Sneath Glass Company
|Predecessor(s)||Tiffin Glass Company|
|Headquarters||Hartford City, Indiana|
|Key people||Ralph Davis Sneath, Henry Crimmel|
|Revenue||USD $1.055 Million (1951)|
The Sneath Glass Company (pron.: //) was an American manufacturer of glass and glassware. After a brief 1890s startup in Tiffin, Ohio, the Company moved to Hartford City, Indiana, to take advantage of the Indiana Gas Boom. The small city was enjoying the benefits of the Indiana Gas Boom, and could provide natural gas as an energy source for manufacturers. Sneath Glass was one of many glass manufacturers that moved to the region, and became Hartford City’s second largest employer.
Among the original owners, Ohio businessman Ralph Davis Sneath provided capital and financial knowledge—and his family is the company’s namesake. Sneath was president of the firm when it moved to Indiana. Henry Crimmel, who already had over 25 years of glassmaking experience when he joined the company, provided the manufacturing expertise after the firm's reorganization.[Note 1] Following the reorganization, Alva Clyde Crimmel (Henry’s son) was the firm's secretary, while John W. Geiger served as treasurer. These four members of the management team were the company’s owners when it moved to Indiana.
In Indiana, the company’s main products were initially lantern globes and founts (which held the lantern’s fuel), and railroads were its major customers. As demand for lanterns declined during the beginning of the 20th Century, Sneath evolved to be a maker of glassware for portable kitchen cabinets, such as those made by Sellers and the Hoosier Manufacturing Company. Eventually, portable kitchen cabinets lost their popularity after new houses began utilizing built-in cabinetry. Sneath transitioned to be a maker of a new group of wares—glass products for refrigerators. While lanterns, kitchenware, and refrigerator products were the major goods manufactured by the company during its existence, it also made a wide variety of additional merchandise. Aquariums, lenses, and mailboxes were also among the glass products made by the company. Sneath was also an early manufacturer of heat-proof glass.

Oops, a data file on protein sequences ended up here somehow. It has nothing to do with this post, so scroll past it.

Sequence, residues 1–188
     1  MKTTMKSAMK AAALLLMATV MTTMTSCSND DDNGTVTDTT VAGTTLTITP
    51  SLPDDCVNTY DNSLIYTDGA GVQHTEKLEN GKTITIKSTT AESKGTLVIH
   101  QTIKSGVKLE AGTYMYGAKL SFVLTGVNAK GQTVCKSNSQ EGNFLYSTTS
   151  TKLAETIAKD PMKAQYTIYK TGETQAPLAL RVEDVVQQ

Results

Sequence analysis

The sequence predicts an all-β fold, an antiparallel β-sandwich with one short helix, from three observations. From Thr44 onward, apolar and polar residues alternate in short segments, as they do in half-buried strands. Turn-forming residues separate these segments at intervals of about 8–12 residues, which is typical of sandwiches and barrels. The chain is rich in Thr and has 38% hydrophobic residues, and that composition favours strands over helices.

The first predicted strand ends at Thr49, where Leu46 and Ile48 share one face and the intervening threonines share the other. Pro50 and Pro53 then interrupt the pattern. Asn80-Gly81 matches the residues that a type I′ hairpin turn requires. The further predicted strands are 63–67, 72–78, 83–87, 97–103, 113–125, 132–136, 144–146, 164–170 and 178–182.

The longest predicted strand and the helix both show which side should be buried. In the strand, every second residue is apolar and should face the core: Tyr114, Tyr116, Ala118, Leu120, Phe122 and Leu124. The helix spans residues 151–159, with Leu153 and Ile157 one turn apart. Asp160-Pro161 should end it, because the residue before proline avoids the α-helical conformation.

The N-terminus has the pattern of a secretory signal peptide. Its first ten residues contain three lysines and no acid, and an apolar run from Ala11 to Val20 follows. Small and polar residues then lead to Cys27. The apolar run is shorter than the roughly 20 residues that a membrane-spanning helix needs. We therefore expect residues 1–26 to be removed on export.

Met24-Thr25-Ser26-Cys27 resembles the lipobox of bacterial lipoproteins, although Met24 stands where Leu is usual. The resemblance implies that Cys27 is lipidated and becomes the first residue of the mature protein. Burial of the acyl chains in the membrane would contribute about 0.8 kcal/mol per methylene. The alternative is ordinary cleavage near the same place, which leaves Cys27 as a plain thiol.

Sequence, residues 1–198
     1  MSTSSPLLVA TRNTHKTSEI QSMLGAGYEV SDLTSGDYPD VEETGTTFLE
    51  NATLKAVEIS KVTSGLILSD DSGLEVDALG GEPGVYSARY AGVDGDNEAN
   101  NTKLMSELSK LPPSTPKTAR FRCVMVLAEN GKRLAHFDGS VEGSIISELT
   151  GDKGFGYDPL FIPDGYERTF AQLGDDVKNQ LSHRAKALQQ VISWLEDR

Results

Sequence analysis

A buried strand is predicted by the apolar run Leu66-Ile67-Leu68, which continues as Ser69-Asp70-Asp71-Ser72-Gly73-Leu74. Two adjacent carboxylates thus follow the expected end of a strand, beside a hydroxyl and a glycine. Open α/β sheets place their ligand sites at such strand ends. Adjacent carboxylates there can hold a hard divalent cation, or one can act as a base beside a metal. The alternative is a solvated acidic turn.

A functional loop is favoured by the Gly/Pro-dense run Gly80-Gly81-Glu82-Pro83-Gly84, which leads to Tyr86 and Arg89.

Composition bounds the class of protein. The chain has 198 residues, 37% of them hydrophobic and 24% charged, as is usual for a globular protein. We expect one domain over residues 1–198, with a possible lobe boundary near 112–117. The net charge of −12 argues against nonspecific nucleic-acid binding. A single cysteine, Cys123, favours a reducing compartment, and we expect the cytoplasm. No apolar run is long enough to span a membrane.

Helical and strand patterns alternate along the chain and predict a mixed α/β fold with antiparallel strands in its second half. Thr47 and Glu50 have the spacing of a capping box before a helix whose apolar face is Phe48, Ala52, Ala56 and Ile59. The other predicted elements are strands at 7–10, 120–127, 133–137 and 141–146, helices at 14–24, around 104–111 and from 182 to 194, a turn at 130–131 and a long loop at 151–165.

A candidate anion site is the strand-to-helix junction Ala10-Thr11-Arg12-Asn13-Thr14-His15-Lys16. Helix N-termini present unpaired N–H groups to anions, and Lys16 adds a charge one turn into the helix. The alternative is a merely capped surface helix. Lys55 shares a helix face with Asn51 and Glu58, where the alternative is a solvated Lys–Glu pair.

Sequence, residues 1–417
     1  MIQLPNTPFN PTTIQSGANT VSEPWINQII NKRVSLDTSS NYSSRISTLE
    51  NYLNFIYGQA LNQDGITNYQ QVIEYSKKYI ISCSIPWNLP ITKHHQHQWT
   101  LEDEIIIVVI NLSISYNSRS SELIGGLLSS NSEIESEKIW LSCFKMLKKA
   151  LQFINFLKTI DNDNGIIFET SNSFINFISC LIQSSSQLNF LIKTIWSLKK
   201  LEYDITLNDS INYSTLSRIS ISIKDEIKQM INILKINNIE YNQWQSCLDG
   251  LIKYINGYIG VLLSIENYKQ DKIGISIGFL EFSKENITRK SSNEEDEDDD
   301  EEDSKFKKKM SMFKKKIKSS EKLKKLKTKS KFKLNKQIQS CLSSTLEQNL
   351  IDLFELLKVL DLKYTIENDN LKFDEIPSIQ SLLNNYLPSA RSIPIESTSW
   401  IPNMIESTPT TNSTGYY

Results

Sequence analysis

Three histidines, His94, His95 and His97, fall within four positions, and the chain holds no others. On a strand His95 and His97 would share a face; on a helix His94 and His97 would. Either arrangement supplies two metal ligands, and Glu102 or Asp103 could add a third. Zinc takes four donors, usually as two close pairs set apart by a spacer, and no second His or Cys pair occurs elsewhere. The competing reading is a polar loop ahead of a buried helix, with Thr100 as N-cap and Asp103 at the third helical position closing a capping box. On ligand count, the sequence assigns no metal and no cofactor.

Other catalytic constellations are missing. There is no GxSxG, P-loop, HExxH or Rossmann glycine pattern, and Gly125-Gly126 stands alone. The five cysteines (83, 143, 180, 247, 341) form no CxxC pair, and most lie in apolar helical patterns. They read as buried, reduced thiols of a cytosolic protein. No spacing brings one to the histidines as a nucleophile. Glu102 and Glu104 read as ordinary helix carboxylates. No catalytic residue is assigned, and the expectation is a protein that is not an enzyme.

After World War II, Sneath’s major products began to become obsolete because of the plastics industry. Unlike earlier in the century, the company did not transition to a new major product when demand for its portfolio of manufactured goods subsided. Management did not adapt to competition from the plastics industry, faced a shrinking market for its goods, and could not raise prices due to post-war government price controls. The factory closed in 1952 after a work stoppage led by the local labor unions.
 Early years